It’s a long way from Wormwood Scrubs to Golden Gate Bridge, but
Rooney Carruthers - who was born in the prison hospital after his mum
was caught short at a nearby party - has bounded across the divide with
Carruthers, the joint creative director of WCRS, accepted the job of
executive creative director of Foote, Cone & Belding San Francisco on a
He hit it off instantly with Geoff Thompson, the agency’s worldwide
creative director. Fortuitously, they met soon after Carruthers had
undergone something of a career revelation during a shoot in Los Angeles
’It was a perfect trip, but I was bored,’ Carruthers says. ’I spent most
of the two weeks in my hotel room. That was when I knew I had to leave
It is hard to imagine Carruthers suffering from ennui. He is a boyish
bundle of enthusiasm who, on the day of our interview, has already
written three ads by 2.30pm - even though he is flying to San Francisco
the following day.
Despite more than 20 years in the business, Carruthers seems as fresh
and excitable as a fledgling art director on his first placement at
Bartle Bogle Hegarty. Except that he’s going to be in charge of the
creative department at one of the US’s most famous and troubled
agencies. FCB is still struggling to restore its reputation after the
loss of its flagship Levi Strauss account in January 1998.
’There’s nothing better than being scared. I’m shitting myself,’ he
admits. ’There’s the whole culture thing. Some of the clients are
There’s the fear of failure - I don’t want to come back with my tail
between my legs. When I saw the reel I thought, ’what the hell do you
want me for?’’
Beneath this modesty and natural apprehension is a man who knows his own
worth. With Larry Barker, now the creative director of BMP DDB, he
created the famous ’swimmer’ spot for Levi’s and broke the mould for
many clients, particularly Haagen Dazs and Orange.
’I could sell pork pies in a synagogue,’ Carruthers boasts, getting
carried away. It’s just as well FCB is sending him on a ’political
correctness’ course before he is unleashed on the US.
Carruthers has mounted and filed all his favourite work. One of his
first press ads, for Camden Council, was pick of the week in Campaign,
he tells me proudly. His first work with Barker, for an off-licence,
made it into the D&AD annual. There’s a framed letter from the WCRS
chairman, Robin Wight, formally offering the job of joint creative
directors to Carruthers and Barker.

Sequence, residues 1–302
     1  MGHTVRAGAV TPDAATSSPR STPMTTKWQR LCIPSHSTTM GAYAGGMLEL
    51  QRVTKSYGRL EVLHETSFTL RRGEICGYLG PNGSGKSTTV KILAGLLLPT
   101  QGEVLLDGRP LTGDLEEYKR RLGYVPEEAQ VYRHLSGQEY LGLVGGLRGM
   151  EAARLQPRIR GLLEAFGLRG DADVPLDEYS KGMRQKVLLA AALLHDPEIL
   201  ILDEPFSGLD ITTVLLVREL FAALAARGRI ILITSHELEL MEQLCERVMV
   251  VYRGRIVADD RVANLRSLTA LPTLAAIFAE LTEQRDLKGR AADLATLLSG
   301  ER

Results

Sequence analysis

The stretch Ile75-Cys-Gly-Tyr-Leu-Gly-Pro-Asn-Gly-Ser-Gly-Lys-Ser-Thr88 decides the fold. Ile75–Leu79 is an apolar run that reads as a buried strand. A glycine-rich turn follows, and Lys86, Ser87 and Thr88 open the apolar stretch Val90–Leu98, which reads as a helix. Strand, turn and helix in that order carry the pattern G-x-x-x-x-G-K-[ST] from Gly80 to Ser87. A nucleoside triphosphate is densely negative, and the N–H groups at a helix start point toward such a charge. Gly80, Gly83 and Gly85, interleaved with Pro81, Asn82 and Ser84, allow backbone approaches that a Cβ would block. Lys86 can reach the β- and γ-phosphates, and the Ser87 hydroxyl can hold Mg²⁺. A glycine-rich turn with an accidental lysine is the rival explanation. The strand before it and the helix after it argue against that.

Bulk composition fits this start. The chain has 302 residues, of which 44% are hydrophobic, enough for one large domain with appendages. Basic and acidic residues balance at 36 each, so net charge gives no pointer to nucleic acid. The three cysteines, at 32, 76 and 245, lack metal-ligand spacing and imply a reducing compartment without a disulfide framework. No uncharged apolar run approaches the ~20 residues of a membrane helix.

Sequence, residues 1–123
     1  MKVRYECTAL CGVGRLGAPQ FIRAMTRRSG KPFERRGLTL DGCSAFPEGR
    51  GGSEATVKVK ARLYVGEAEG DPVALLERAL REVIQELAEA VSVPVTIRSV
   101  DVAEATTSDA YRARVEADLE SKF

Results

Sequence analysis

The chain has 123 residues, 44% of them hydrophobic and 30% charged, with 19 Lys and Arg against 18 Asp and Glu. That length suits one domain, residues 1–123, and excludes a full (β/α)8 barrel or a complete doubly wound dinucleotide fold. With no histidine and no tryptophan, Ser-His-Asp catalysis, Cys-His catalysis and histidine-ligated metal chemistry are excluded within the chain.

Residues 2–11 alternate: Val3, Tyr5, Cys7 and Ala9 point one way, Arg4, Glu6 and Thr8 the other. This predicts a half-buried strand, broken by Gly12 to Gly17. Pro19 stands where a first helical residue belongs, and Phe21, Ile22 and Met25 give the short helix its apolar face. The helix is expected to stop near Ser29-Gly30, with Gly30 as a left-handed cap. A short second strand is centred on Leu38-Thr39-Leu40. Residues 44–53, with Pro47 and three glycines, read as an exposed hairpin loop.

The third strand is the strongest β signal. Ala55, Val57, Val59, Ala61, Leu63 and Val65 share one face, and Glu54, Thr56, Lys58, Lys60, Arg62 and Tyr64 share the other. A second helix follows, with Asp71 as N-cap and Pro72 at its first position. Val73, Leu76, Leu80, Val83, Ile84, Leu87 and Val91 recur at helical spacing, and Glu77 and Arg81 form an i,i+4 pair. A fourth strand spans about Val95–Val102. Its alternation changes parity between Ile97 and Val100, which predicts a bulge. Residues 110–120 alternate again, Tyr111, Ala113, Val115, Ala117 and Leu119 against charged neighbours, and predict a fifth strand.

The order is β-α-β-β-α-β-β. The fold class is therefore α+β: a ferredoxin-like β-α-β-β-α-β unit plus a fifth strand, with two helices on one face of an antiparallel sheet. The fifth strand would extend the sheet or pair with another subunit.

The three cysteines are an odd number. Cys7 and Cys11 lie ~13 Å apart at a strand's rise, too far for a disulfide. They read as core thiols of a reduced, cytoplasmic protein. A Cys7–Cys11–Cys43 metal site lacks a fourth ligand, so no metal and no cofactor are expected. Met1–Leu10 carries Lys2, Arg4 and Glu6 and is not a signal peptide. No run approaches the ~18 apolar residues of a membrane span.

Wight and Carruthers have a rapport. ’Robin is brilliant at filtering
ideas and information, he’s electric,’ Carruthers says. ’I hope he
doesn’t go mad in old age.’
Wight says: ’We are temperamentally similar. We like things that are new
and fresh. Neither of us is at our best when polishing - we like to
John Hegarty, the executive creative director of BBH, regards enthusiasm
as a key ingredient for US success. He says: ’Rooney will find it very
Hegarty makes this point because US culture is evolving constantly.
Carruthers’ talent for the visual will serve him well. ’We are in a
visual culture - ideas have to cross so many borders,’ he says.
He also warns that the British can’t rely on their own reputations,
however good, when trying to make it in the US. This is not to say he
underestimates Carruthers’ worth. ’Rooney and Larry understand how to
put across ideas in a profound way,’ he remembers from their time at
One of advertising’s most famous and creatively successful partnerships
came to an end when Barker left WCRS for BMP two years ago. Together
they had earned a reputation for fast living, developed particularly
while at DDB Needham in the late 80s.
A merger with BMP was looming on the horizon so there was a lot of
Faithful to their creative director, Tony Cox, the duo coined the motto:
’Nothing on the box ’til we hear about Cox.’ So instead of writing ads
they spent all their time in the pub and other dens of iniquity.
’It was fabulous but it was killing us,’ Carruthers recalls. Six months
after the merger they were poached by Hegarty. ’The boys became men,’
Carruthers proclaims. ’We didn’t expect to get the job because of our
naughty reputations, but we were quick workers and every day was
fantastic. At BBH I got stylish and really learned how to art
Carruthers’ polished style has aroused speculation that he might become
a director. ’I wouldn’t like the solitude - I love having people around
me. Agencies are such a laugh,’ he says.
After a brilliant spell at BBH, the duo accepted an offer from the
troubled WCRS in February 1993.
Orange, First Direct, Caffrey’s, Worthington, BMW, Tate & Lyle: their
contribution to the rebirth of WCRS was priceless. FCB will be hoping
for more of the same magic from Carruthers in San Francisco.
According to a former FCB San Francisco senior executive, Carruthers
will have the ’absolute support’ of the entire agency. But Hegarty
warns: ’He has a very big task. It is an agency in search of meaning and
it needs management as well as creative leadership. There is a danger
that the fate of the entire agency will fall on Rooney’s shoulders when,
in fact, it is everybody’s responsibility.’
This is where Carruthers’ enthusiasm will come in handy. ’He has passion
to such a degree that it will shock a lot of them and they’ll fall in
love with that. For Rooney, it’s about every day being interesting,’
Although he is looking forward to San Francisco, Carruthers can’t help
but look back. In London, he is a popular figure and he knows he has
been ’well protected’ by all his industry friends. ’I’ll miss the
production companies,’ he begins, before reeling off a roll-call of
thanks, like an Oscar-winner acknowledging everyone who has made this